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SeRQL evaluation

From: Seaborne, Andy <andy.seaborne@hp.com>
Date: Wed, 2 Jun 2004 15:13:00 +0100
Message-ID: <E864E95CB35C1C46B72FEA0626A2E808031A9C98@0-mail-br1.hpl.hp.com>
To: public-rdf-dawg@w3.org

SeRQL is part of Sesame [1].  This note is based on the online user manual
for SeRQL [2] and the Sesame protocol [3] as of May 25, 2004. 

- - - - - - - - - - - - - -

-- Quick example 1:
Use Case "2.9 Finding Input and Output Documents for Test Cases" is

[Checked for syntactic correctness]

SELECT in, out
FROM  {X} <test:inputDocument>  {in} ;
          <test:outputDocument> {out} ;
          <test:status>         {"APPROVED"}
USING NAMESPACE
  test = <!http://www.w3.org/2000/10/rdf-tests/rdfcore/testSchema#>


Legend:
  {...} are graph nodes, edges are unquoted.
  Variables are bare words, so a variable at a node is {X}
  <> are qnames so a qname in a node slot is {<...>}
  <!...> are URIs
  "" are literals; ^^ is the RDF type notation.


-- Quick example 2:

CONSTRUCT 
   {Painting} <my:createdBy> {Painter}
FROM
   {Painter} <rdf:type> {<cult:Painter>}; 
             <cult:creates> {Painting}
USING NAMESPACE
    cult = <!http://www.icom.com/schema.rdf#>,
    my = <!http://www.foo.com/bar#>

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3.1 RDF Graph Pattern Matching

Yes. The pattern language is triples, with named variables.  There is
syntactic support for paths and for property and object lists (c.f. N3).

{} are unnamed node variables and are permitted where there is an
unconstrained path element.  They must cause a match.  Paths are
resource-property-resource-property-resource-...

The query pattern is a conjunction of all path and triple elements.


3.2 Variable Binding Results
Yes, via SELECT and SELECT DISTINCT queries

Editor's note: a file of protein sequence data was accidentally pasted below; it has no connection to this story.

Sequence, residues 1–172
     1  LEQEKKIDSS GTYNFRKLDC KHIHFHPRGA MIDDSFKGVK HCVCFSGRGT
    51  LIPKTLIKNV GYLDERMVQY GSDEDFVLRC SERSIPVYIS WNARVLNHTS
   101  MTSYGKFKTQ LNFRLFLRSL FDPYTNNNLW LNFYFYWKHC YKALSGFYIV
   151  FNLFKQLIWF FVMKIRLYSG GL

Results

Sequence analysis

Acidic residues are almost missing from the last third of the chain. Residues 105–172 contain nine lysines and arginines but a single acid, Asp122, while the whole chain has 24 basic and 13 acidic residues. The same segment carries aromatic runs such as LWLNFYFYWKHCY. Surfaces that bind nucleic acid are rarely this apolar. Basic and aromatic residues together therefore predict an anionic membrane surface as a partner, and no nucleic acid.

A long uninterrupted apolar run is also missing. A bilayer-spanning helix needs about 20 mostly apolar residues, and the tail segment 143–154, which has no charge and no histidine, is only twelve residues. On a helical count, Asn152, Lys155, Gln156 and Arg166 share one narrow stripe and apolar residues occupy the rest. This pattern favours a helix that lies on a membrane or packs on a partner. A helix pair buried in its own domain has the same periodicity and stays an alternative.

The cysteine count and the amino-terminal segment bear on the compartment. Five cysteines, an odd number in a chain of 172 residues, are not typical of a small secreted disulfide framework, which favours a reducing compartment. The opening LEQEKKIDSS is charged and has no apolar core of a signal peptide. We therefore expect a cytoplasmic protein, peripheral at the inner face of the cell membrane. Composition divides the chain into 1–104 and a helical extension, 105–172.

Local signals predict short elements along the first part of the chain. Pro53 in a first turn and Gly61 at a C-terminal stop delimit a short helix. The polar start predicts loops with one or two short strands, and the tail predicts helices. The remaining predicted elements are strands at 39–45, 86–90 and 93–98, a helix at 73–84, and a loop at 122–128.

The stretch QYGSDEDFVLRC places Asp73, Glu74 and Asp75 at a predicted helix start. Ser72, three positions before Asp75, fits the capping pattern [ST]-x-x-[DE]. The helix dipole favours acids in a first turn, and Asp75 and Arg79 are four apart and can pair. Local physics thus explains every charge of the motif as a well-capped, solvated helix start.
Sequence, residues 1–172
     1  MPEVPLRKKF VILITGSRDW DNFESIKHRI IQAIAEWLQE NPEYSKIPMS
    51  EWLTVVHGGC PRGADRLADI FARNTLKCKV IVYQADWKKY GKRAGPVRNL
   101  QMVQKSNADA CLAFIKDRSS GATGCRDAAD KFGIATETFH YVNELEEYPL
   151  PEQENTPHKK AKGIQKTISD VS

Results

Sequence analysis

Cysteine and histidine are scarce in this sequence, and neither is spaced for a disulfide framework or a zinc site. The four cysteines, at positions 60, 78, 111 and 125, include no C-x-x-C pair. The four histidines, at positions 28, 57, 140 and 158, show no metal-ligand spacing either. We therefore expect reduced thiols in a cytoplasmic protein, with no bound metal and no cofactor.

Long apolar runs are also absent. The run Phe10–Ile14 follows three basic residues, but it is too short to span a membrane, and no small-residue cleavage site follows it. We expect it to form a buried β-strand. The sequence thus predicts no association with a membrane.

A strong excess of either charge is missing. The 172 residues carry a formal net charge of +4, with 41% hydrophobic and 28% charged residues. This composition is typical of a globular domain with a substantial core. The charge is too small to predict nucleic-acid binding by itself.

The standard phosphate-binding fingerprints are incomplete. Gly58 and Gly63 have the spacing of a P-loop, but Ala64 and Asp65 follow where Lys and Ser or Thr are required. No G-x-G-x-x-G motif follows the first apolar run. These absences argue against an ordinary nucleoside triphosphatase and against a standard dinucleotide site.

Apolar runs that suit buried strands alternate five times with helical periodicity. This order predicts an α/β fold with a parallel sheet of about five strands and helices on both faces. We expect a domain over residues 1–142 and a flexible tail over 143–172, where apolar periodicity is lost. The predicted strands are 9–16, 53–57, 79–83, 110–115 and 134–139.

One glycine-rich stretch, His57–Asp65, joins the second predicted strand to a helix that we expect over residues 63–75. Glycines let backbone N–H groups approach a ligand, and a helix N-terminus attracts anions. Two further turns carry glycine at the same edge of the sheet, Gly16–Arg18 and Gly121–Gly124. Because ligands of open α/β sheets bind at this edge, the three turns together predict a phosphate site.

3.3 Extensible Value Testing
No - fixed set of comparison operators.


3.4 Subgraph Results
Yes; not directly, but supports CONSTRUCT queries which is RDF templating.
A second pattern is supplied and the result of a query is the merge of the
all the results with variable values substituted into the template.  This
would be the subgraph if the CONSTRUCT pattern were the query pattern.  The
form "CONSTRUCT * is a shorthand for this.

The protocol requires SELECT and CONSTRUCT queries to go to different end
points.


3.5 Local Queries
Yes.  Source is not named in the query.  The Sesame system supports remote
and local databases as well as in-memory repositories.


3.6 Optional Match
Yes.  Provides optional triple matches.  The semantics is to execute the
mandatory part of the query and then attempt to fill the optional part.


3.7 Limited Datatype Support
Yes. SeRQL supports the operators '<', '<=', '>' and '>=' for numerical
values (i.e. literals with a known xsd numerical datatype).  


3.8 Bookmarkable Queries
Yes.  Query target graph is named as a parameter to the query request.


3.9 Bandwidth-efficient Protocol
Yes.  For SELECT queries, custom XML format for results, or RDF encoding of
same [4].  CONSTRUCT queries return an RDF graph in a selected
serialization.  Current implementation does not support compression of HTTP
result body.  This is part of the protocol, not the query language.


3.10 Result Limits
No.


4.1 Human-friendly Syntax
Yes (*). SQL-like syntax.

[* your definition of "friendly" may differ.]

4.2 Provenance
No.


4.4 User-specifiable Serialization
Requests specify the RDFencoding.  Not MIME-type negotiation.  Part of the
protocol, not the query language.


4.5 Aggregate Query
No.


4.6 Additional Semantic Information

Sesame provides RDFS-level inference. Can use serql:directSubClassOf to get
direct subclass relations, turning off transitivity for the rdfs:subClassOf
property.  Similar serql:directSubPropertyOf.


[1] Sesame:   http://www.openrdf.org/ 
[2] SeRQL:    http://www.openrdf.org/doc/users/ch05.html 
[3] Protocol: http://www.openrdf.org/doc/users/ch07.html 
[4] Result set in RDF
    http://www.w3.org/2003/03/rdfqr-tests/recording-query-results.html
Received on Wednesday, 2 June 2004 10:14:12 GMT

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